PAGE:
FILM / Batting their eyelashes

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The Independent Culture
A League of Their Own (PG). . . .Penny Marshall (US)

The Hours and the Times (No cert). . . .Christopher Munch (US)

In the recent round of baseball movies - Field of Dreams, Eight Men Out, even Parenthood - the sport, indeed the 'church of baseball', as Susan Sarandon calls it in Bull Durham, has crystallised the American ethos - nobility, bonding males, apple pie family values. The latest of these films, A League of Their Own, has had a success similar to its brothers at the American box- office. But it's about a female baseball team, and so can't quite claim the same universal significance. It's not about nationhood, only women. It has no wider philosophical intent.

The story is Rosie the Riveter on the baseball diamond. Just as women were summoned to the factories during the Second World War, so, with the major league players busy licking Hitler, a female league was formed. At first they are feted, in a patronising kind of way (in their cutey-pie outfits and charm-school smiles, they look more like cheerleaders than baseball stars). But as the war winds down, the message to the players becomes: everybody's Un-American and one's country is better served back in the kitchen.

Geena Davis, who plays the team's rangy and determined star player, has been busily selling the film in promotional interviews on a feminist ticket. That's curious, though, since she plays an especially dull, unenlightened role, a happily married woman (there's an undernourished romance with Tom Hanks's boozy coach) who pines throughout the season to go back home and make babies. A League of Their Own does touch on the initial resistance to the idea of women taking over the national sport - stout behatted matrons bridling at the threat to femininity - but it loses sight of what happened after the war.

True, Rosie was pressured out of the workplace, but sport is a different matter; it's spectacle, show-business almost, and we have always had a place for women there. The film bustles past the watershed of 1945; we learn vaguely that the sponsor (a splendidly cheesy confectionery baron played by the director's brother, Garry Marshall) has been persuaded to keep the teams going. And then cut - to a ghastly epilogue in which the players, now blue-rinsed and arthritic, reunite decades later for a reunion match. It's so rare to see older women celebrated in a movie that it seems ungrateful to grouse - but this is an over-extended, soupy scene. (Whatever happened to Hanks's earlier edict that 'there are no tears in baseball'?) And, while diamonds are supposed to be a girl's best friend, you get no sense that this stint as professional sportswomen has radically changed their lives.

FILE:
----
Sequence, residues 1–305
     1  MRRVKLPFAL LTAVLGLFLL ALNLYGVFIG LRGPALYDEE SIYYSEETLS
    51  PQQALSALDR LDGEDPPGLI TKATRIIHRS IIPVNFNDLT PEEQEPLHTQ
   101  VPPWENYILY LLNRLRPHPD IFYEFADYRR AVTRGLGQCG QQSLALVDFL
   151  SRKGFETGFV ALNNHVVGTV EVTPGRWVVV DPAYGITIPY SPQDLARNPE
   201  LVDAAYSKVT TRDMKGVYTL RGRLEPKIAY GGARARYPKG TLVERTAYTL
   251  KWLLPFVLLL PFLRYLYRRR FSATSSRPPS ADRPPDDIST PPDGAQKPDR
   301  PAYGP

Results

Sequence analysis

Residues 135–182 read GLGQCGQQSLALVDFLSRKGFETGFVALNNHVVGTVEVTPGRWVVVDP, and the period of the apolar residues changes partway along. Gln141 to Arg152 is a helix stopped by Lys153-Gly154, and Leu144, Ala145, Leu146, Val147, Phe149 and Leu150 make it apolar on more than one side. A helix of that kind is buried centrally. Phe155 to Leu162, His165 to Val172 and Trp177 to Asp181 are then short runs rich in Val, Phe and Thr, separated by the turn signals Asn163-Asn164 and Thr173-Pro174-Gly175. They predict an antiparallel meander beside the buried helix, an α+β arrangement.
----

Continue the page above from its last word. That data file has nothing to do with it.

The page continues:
The director Penny Marshall's weakness is a sentimental streak; her forte is comedy (see Big; Awakenings). But this film shows, yet again, that it's hard to be feminist and funny. The team includes, for instance, a plug-ugly duckling, a fat girl who is nearly rejected when the scout gets a good look at her face. We're invited to laugh at her too, forgetting that the laughter is also meant to be seen as reprehensible. And it's worrying that by far the funniest and most memorable character is the wisecracking, sexist-pig talent scout himself (Jon Lovitz). 'See that grass, girls?' he says, pointing the players whom he has recently culled from a dairy farm in the direction of the baseball pitch. 'Well, don't eat it.' Still, Madonna redeems some of her unhappier screen outings here, in a bad-girl supporting role: interestingly, her two best film performances have both been for female directors - the first was her debut role in Susan Seidelman's Desperately Seeking Susan.

The Hours and the Times is a small vignette deserving of interest, and not just for its celebrity subject. It's a weekend-in-the-life of John Lennon and Brian Epstein, the Beatles' manager, during a short holiday in Barcelona. Epstein is in love with Lennon, full of unrequited romantic agony; the Beatle is fey, flirtatious, leading Epstein cruelly up the garden path, or fighting, perhaps, a reluctant attraction.

The 60-minute film, exquisitely scripted and played (Ian Hart as John, David Angus as Epstein) captures the thrust and parry of an attempted seduction with a light hand; it also miraculously suggests the fairy-tale allure of pre-package tour Barcelona. This is an ultra-low budget picture, but, allowances made for its production values, a fine contribution to the ICA's current season of New Queer Cinema.

All films open tomorrow; see facing page for details

(Photograph omitted)